Sept. 11, 1973: a day that the empire struck back, with a vengeance. If there is a single image representing the end of the post-WWII rebellions for sweeping social justice, perhaps it is the photo of a helmeted Chilean President Salvador Allende staring upward at his own Air Force jets bombing the presidential palace.
The election of democratic socialist Allende seemed to pose a serious menace to a world order dominated by major corporations which owned much of Chile's resources. Allende rapidly began to provide rising wages, free milk to nutrition-deprived poor children, quality health care and education for all, land reform, and to promote an expansive conception of democracy which encompassed economic and social institutions as well as the traditional political arena.
The US response: a coup, led by Gen. Augusto Pinochet, that was the product of the extensive preparations of President Nixon and adviser Henry Kissinger who oversaw, as one CIA official put it, a gradual "accumulation of arsenic" for Chilean democracy.
Pinochet predictably followed through with mass slaughters and torture combined with the introduction of government policies nakedly serving Chile's elites and transnational corporations.
Marc Cooper, who as a 21-year-old served as Allende's translator and narrowly escaped capture by Pinochet's forces, provides in Pinochet and Me a concise, riveting account of the past quarter century. Rarely does one find a book that is simultaneously so gripping, politically insightful, and thoroughly humane in spirit.
As Cooper notes, what eventually emerged from Chile was the first and most advanced model of what some have called "savage capitalism," pre-dating and to some extent inspiring the achievements of Thatcher and Reagan. Pinochet, guided by Milton Friedman and other "Chicago School" economists, atomized social organization and pulverized a well-organized and highly conscious working class opposition. He rammed through a radical program of export-driven production, privatization, deregulation, and of course the massive upward re-distribution of wealth.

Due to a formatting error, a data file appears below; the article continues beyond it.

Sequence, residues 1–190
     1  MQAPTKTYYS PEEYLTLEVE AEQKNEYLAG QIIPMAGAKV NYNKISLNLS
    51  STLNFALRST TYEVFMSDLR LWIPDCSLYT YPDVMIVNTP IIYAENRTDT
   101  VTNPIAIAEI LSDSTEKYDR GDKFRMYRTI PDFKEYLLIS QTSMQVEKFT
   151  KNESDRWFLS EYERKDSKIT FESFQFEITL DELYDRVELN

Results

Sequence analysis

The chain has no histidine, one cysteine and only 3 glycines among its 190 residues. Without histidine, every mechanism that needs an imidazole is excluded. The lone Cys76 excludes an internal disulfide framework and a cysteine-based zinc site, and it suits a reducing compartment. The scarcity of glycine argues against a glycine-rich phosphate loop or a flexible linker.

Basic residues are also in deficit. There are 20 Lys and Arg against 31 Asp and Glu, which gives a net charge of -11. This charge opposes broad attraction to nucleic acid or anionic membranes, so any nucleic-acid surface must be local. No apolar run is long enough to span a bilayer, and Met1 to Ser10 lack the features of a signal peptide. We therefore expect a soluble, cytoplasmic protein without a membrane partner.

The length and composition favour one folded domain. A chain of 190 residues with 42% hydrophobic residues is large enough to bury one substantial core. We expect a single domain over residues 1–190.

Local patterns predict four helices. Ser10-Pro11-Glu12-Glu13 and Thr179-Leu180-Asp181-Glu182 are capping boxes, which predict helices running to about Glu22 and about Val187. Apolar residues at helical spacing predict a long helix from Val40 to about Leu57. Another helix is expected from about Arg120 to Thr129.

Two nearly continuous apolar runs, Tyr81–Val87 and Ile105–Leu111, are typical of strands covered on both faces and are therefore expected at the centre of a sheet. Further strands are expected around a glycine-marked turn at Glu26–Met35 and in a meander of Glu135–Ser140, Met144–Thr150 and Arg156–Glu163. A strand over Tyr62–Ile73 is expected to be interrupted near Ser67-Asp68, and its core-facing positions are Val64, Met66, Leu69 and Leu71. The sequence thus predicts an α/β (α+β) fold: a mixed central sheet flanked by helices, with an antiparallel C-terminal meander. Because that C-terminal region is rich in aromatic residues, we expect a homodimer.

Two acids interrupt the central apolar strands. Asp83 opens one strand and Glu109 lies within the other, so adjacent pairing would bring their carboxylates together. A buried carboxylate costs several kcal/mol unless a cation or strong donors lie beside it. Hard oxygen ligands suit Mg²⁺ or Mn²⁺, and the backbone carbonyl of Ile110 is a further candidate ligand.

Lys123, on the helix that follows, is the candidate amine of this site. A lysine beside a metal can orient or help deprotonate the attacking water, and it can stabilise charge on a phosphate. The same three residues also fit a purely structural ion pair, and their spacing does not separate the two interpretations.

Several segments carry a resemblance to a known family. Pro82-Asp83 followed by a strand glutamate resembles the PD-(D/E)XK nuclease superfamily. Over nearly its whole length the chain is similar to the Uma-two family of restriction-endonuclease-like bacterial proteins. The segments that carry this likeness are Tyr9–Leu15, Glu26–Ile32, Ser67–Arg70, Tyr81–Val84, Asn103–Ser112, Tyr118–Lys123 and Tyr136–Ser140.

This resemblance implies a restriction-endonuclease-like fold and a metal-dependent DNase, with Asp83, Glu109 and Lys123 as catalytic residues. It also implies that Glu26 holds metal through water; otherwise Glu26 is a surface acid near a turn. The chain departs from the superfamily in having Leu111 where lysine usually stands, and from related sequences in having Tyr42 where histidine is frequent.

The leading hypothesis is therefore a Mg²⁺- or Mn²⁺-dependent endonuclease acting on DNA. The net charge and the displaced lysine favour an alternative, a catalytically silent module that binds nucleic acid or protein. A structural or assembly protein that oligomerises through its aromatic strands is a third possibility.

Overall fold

"A century-worth of Chile's accumulated democratic and social advances would be bloodily dismantled overnight, and a new radical capitalist order was built in its stead," grimly states Cooper. The post-coup Chilean economic "star" hailed by the New York Times and other corporate media shines much more brightly for some than for others. Cooper cites damning evidence of a new Chile re-configured to heap more wealth upon the wealthy while spreading more misery through the growing shanty-towns:
* "The richest 100 people in Chile earn more than the state spends on all social services," as one opposition senator points out.
* Of 65 nations studies by the World Bank, Chile ranks 7th worst in unequal income distribution.
* Real wages for Chilean workers are still 18% below where they were when Allende was overthrown.
In sum, the Chilean economic blueprint conforms closely to the formula laid out in 1892 by banker Eduardo Matte Perez, whose descendants still rank among Chile's permanent rulers: "We, the owners of land and capital, own Chile. The rest, the masses, do not matter."
Ultimately, those "who do not matter" finally have managed to find some measure of justice, with Pinochet being charged in Chile with the disappearance of some 76 people (a small fraction of those butchered at his direction) during his reign of terror. Significantly, though, the impetus for these charges came from outside Chile, beginning with Pinochet's arrest in Britain on human-rights charges due to the dedication of Spanish Judge Baltazar Garzon.
Pinochet and Me is an unforgettable, lucidly-written work that tells a tragic tale of the destruction of a remarkable experiment in social justice at the hands of Pinochet and his US tutors. Although Pinochet and his most fervent backers have now been marginalized due to Judge Garzon's tenacity and courage, the voices of Chile's poor and working class remain unheard and their dreams of justice unrealized due to the legacy of Pinochet and an ever-harsher corporate-run global order.
Roger Bybee is a Milwaukee-based writer and activist. He reviewed Pinochet and Me: A Chilean Anti-Memoir, by Mark Cooper, Verso Books, London and New York, 143 pages, $22 hardcover